Rowdy Lake a cool place to catch up, catch fish

KEVIN MATTHEWS, ALSO KNOWN AS Bill Haggerty’s “Cousin Kevin,” tests the water at Rowdy Lake in the middle of Uncompahgre National Forest. The trip over Owl Creek Pass in Ouray County leads to a cool day in the mountains.



“Do me a favor. Go down there and say to that kid, ‘Hey knucklehead, you should have wrestled in high school.’ Go tell him that.”

In the middle of the Uncompahgre National Forest, this seemed a strange request from a former local high school wrestling coach.

All I wanted to see was what appeared to be a splake dangling from the end of his rod. All he wanted was for me and my cousin to harass some poor angler who was enjoying his peace and tranquility.

Shortly thereafter, down on the banks of Rowdy Lake, a former Montrose High School wrestler told us he hadn’t seen his old coach in nearly two decades.

“I did wrestle in high school. I just wasn’t all that into it at the time.”

Now an avid angler enjoying the beautiful and secluded Cimarron Mountains south and east of Montrose, the former athlete was dazed.

“Isn’t that weird? I don’t see that guy for 19 years, and then he shows up here. I had a chance to apologize and give him a cold beer. Cool, huh?”

Sometimes, those chance meetings are cool. Rowdy Lake also was cool! It’s a small pond located .8 miles off the Owl Creek Pass road near Silver-jack Campground and Silverjack Reservoir.

Cousin Kevin and I were looking for cool, but we were really thinking of the weather. We wanted relief from the heat of the smoke-filled Grand Valley last week and we found the weather, the drive, the encounter, the fishing and the day entirely cool.

To find this cool place, travel south on U.S. Highway 50 from Grand Junction to Montrose.

Go straight past the light on Main Street in Montrose and continue south on U.S. Highway 550. Follow the signs to Ridgway and Ouray.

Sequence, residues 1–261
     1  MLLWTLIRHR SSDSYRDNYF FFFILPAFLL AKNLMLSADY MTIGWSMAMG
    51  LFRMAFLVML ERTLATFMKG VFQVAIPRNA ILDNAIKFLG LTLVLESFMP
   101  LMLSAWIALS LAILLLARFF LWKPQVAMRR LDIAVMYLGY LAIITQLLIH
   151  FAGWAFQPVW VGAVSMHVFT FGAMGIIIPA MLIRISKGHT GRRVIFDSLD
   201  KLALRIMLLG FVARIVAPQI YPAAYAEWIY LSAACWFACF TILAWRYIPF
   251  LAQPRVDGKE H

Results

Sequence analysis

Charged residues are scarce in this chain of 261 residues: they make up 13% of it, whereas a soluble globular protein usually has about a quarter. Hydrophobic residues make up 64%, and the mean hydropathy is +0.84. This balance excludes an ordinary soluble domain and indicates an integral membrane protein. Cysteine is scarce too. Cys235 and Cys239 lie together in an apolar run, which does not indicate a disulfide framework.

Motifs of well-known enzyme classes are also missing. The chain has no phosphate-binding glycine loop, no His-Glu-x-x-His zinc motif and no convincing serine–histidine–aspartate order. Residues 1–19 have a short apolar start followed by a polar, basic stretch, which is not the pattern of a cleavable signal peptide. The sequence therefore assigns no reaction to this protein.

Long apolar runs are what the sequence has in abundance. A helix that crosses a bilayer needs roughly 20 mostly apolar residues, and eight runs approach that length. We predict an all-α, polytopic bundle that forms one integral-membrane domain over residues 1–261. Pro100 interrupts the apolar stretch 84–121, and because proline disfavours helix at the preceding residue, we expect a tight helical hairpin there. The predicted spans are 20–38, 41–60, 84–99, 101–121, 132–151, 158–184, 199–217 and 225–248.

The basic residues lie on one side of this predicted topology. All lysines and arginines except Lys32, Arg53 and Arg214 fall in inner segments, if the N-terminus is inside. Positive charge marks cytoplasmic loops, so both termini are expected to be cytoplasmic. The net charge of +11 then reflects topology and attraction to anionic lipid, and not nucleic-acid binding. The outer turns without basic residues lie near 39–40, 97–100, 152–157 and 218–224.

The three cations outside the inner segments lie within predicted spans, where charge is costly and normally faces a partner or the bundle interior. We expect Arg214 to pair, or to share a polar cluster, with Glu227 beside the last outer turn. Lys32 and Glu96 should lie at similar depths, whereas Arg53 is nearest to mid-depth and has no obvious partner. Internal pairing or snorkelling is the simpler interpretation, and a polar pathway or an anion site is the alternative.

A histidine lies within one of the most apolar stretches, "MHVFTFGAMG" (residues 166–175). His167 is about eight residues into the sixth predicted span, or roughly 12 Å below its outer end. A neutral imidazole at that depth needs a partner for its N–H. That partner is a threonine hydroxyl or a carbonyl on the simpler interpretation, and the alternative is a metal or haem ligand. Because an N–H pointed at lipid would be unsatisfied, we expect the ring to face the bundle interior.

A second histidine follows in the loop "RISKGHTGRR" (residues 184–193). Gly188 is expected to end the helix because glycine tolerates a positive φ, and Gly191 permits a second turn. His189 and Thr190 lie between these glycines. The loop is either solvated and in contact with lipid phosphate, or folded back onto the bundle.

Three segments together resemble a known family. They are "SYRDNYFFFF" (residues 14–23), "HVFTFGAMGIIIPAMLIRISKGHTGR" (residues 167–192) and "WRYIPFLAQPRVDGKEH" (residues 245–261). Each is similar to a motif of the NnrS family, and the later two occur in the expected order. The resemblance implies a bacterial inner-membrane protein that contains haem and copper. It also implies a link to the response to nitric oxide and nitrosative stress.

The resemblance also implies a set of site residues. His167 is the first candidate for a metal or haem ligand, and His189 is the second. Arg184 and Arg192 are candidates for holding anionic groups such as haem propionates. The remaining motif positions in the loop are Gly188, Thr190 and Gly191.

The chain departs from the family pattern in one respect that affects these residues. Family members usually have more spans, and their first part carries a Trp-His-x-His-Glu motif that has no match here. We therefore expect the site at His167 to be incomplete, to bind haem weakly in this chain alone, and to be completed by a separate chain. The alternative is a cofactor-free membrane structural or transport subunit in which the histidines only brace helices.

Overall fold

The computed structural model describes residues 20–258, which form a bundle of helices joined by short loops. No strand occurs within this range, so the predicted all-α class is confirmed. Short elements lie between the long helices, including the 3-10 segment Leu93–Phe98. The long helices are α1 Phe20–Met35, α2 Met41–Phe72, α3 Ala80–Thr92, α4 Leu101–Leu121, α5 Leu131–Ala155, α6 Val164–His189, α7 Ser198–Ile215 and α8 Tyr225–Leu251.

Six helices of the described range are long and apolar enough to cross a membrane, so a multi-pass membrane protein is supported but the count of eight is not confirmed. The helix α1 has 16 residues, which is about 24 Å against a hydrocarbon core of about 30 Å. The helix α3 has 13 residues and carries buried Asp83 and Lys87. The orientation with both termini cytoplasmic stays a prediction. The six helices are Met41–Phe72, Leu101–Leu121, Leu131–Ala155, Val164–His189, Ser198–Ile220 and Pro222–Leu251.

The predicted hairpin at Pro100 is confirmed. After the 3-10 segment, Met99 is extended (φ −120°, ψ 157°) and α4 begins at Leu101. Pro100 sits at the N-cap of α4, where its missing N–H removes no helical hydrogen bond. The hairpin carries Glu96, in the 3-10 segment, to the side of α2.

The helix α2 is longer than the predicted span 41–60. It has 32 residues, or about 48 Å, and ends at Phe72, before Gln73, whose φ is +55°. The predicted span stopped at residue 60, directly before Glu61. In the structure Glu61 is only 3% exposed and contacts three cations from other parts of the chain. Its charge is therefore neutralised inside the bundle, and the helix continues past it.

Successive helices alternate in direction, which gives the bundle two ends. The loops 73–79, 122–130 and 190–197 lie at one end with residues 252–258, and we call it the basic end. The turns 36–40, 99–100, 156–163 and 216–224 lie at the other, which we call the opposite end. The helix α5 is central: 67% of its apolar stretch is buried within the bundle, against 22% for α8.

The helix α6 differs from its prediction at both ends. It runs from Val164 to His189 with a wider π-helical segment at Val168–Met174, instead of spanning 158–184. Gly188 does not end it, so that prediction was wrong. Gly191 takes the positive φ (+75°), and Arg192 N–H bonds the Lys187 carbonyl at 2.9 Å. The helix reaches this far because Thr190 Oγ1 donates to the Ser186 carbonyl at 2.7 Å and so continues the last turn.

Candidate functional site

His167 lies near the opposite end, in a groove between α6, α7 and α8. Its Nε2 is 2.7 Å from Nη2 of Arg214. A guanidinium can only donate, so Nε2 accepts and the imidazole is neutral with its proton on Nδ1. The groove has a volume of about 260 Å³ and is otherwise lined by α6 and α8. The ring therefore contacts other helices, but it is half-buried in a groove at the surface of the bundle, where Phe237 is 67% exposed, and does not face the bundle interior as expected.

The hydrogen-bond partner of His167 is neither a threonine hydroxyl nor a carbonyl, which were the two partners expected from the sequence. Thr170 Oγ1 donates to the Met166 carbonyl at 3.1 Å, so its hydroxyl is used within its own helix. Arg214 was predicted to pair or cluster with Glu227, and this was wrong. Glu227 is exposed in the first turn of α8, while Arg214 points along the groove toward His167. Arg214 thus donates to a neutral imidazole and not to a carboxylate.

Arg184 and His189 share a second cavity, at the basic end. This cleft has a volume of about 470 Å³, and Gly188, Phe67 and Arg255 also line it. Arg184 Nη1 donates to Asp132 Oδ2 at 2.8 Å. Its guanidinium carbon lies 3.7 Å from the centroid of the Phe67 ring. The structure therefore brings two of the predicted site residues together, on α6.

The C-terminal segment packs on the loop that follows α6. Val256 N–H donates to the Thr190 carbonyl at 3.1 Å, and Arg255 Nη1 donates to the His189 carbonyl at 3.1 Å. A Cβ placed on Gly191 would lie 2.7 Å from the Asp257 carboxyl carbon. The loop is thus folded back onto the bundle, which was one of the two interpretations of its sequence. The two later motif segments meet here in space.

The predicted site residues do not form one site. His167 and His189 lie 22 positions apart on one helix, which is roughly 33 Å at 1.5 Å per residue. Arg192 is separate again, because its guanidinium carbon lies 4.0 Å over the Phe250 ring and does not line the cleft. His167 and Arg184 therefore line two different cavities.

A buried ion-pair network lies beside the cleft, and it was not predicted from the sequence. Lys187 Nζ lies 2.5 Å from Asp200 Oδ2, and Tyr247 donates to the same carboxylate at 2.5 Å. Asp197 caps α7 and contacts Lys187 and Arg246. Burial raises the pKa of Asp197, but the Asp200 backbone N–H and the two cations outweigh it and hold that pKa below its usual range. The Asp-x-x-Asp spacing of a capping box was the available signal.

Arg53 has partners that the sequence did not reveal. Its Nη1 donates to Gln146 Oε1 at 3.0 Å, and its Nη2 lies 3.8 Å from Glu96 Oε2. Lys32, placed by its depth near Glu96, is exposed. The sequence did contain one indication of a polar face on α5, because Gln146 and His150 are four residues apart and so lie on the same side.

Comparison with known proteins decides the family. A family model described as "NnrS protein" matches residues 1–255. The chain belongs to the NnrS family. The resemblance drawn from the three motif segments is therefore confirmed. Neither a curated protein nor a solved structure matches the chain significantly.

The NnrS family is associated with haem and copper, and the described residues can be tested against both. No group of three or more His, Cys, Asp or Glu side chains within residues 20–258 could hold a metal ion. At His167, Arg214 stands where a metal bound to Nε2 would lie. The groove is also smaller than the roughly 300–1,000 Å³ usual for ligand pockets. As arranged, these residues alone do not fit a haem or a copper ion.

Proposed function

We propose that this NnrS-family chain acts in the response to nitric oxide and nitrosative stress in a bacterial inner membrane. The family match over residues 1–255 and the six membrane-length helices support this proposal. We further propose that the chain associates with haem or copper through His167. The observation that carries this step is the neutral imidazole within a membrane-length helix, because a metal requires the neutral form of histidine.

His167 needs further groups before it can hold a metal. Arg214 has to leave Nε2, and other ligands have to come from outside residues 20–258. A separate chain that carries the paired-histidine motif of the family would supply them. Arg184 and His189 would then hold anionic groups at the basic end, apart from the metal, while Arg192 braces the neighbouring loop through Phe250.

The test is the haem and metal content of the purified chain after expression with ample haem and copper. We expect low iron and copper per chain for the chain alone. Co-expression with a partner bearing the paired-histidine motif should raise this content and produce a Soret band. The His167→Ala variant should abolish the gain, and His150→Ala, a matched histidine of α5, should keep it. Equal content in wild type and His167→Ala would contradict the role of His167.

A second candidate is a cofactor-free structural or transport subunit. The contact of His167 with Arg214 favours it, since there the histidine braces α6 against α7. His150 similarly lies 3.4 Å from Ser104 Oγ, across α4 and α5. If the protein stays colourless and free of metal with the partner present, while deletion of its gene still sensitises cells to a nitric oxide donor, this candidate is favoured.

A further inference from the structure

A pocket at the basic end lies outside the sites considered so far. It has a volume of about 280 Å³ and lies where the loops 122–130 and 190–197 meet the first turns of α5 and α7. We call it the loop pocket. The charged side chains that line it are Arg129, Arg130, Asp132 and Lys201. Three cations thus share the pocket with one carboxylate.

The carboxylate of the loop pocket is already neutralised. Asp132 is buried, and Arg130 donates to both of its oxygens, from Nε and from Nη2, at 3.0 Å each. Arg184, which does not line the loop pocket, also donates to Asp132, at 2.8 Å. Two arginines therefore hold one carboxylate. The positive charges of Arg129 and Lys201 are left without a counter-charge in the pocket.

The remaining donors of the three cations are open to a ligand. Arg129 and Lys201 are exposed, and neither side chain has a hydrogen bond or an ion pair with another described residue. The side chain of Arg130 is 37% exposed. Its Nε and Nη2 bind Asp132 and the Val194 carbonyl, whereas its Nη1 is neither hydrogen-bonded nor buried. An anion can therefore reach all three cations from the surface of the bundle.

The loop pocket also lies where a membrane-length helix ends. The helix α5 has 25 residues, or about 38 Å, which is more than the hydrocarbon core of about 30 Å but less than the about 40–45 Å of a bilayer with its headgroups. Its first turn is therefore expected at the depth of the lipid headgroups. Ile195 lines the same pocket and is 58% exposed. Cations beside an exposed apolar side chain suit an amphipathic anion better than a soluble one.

The turnoff to Owl Creek Pass off U.S. Highway 550 is 28.5 miles south of Main Street in Montrose, and only 85.7 miles from downtown Grand Junction. Turn left, or east, off Highway 550 onto Ouray County Road 10. That’s the pass.

This adventurous day trip leads into the heart of the magnificent Cimarron Mountains.

The peaks of Chimney Rock (11,781 feet, 3,591 meters) and Courthouse Mountain (12,152-feet, 3,704 meters) tower impressively over you as you drive along this well-maintained two-wheel drive dirt road.

Follow the signs directing you through lush green ranch lands, along beautiful mountain creeks, through refreshing aspen forests and across colorful alpine meadows to the heavily timbered top of the pass at 10,114 feet (3,083 meters).

If you’re watching your odometer, it’s about 6.8 miles past the Vista Point sign.

By the way, stay left past that sign, and always remember that although I strive for pinpoint mileage accuracy, my truck’s odometer may not be calibrated precisely to yours, or anyone else’s for that matter.

Side Note: If you’ve ever seen “True Grit,” you might recognize several locations in that classic western movie that were filmed along this drive.

Remember the scene where Rooster Cogburn (John Wayne) gallops across the landscape with the reins of the horse in his teeth, shotgun in one hand, rifle in the other, shooting as he’s riding?

Great stuff filmed right here!

Here’s another one: “How The West Was Won,” the oxymoronic title of another great western movie from yesteryear, shot on location along Owl Creek Pass.

Back to our story, Owl Creek Pass provides a great round-trip drive from Highway 550, only minutes north of Ridgway, all the way to the tiny hamlet of Cimarron, north of Montrose on Highway 50 near Morrow Point Dam and the Black Canyon of the Gunnison River.

There are numerous places where you can stop driving and recreate, or continue driving and recreate. Hiking trails abound.

There’s tons of fishing on the creeks, Silverjack Reservoir, Rowdy Lake, Clear Lake and numerous other bodies of water. There are lodges where you can stay, campgrounds where you can camp, tons of four-wheel-driving, and hundreds of miles of horseback riding.

And, if it wasn’t for a cooperative project among the U.S. Forest Service, Colorado Division of Wildlife, Trout Unlimited and the Montrose Wildlife Volunteers, and an added boost by the Boy Scouts, there may not be any splake in Rowdy Lake.

First of all, a splake is a hybrid species of lake trout or mackinaw and brook trout, which are really char and not trout at all.

Secondly, that cooperative project produced a great protective fence around Rowdy Lake in 1995, keeping bovine at bay and shorelines intact. Montrose Boy Scout Troop 473 rebuilt the fence in 2008.

Cool. Just like chance meetings in the wilderness. But chance meetings or no, wrestling coaches don’t change much.

“See you knuckleheads,” he said to me and Kevin — total strangers — as he drove out of the parking area from Rowdy Lake.

E-mail Bill Haggerty at .(JavaScript must be enabled to view this email address).


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